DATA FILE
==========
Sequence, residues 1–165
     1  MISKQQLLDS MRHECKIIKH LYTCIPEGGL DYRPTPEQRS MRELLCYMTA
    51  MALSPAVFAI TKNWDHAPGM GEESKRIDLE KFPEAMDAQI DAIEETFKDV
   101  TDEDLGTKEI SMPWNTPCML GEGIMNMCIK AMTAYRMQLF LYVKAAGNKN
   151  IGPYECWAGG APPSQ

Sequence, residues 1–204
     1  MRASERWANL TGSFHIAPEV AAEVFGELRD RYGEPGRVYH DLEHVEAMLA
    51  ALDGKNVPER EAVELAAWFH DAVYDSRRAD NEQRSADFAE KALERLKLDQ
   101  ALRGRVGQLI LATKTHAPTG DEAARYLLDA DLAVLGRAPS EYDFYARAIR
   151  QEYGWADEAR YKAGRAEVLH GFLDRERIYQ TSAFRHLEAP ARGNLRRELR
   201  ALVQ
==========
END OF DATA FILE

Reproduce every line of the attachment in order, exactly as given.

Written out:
Sequence, residues 1–165
     1  MISKQQLLDS MRHECKIIKH LYTCIPEGGL DYRPTPEQRS MRELLCYMTA
    51  MALSPAVFAI TKNWDHAPGM GEESKRIDLE KFPEAMDAQI DAIEETFKDV
   101  TDEDLGTKEI SMPWNTPCML GEGIMNMCIK AMTAYRMQLF LYVKAAGNKN
   151  IGPYECWAGG APPSQ

Sequence, residues 1–204
     1  MRASERWANL TGSFHIAPEV AAEVFGELRD RYGEPGRVYH DLEHVEAMLA
    51  ALDGKNVPER EAVELAAWFH DAVYDSRRAD NEQRSADFAE KALERLKLDQ
   101  ALRGRVGQLI LATKTHAPTG DEAARYLLDA DLAVLGRAPS EYDFYARAIR
   151  QEYGWADEAR YKAGRAEVLH GFLDRERIYQ TSAFRHLEAP ARGNLRRELR
   201  ALVQ